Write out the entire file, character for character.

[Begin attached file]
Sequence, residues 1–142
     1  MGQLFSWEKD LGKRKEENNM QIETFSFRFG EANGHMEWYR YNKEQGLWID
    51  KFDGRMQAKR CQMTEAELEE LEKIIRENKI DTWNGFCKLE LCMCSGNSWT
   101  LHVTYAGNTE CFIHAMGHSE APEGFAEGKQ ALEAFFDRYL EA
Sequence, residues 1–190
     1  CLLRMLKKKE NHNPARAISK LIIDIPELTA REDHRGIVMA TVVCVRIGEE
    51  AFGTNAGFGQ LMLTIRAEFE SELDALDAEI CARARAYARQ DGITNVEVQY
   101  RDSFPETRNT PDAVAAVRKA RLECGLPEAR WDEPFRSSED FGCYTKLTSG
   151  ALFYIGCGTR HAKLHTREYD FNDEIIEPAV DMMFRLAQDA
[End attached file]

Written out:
Sequence, residues 1–142
     1  MGQLFSWEKD LGKRKEENNM QIETFSFRFG EANGHMEWYR YNKEQGLWID
    51  KFDGRMQAKR CQMTEAELEE LEKIIRENKI DTWNGFCKLE LCMCSGNSWT
   101  LHVTYAGNTE CFIHAMGHSE APEGFAEGKQ ALEAFFDRYL EA
Sequence, residues 1–190
     1  CLLRMLKKKE NHNPARAISK LIIDIPELTA REDHRGIVMA TVVCVRIGEE
    51  AFGTNAGFGQ LMLTIRAEFE SELDALDAEI CARARAYARQ DGITNVEVQY
   101  RDSFPETRNT PDAVAAVRKA RLECGLPEAR WDEPFRSSED FGCYTKLTSG
   151  ALFYIGCGTR HAKLHTREYD FNDEIIEPAV DMMFRLAQDA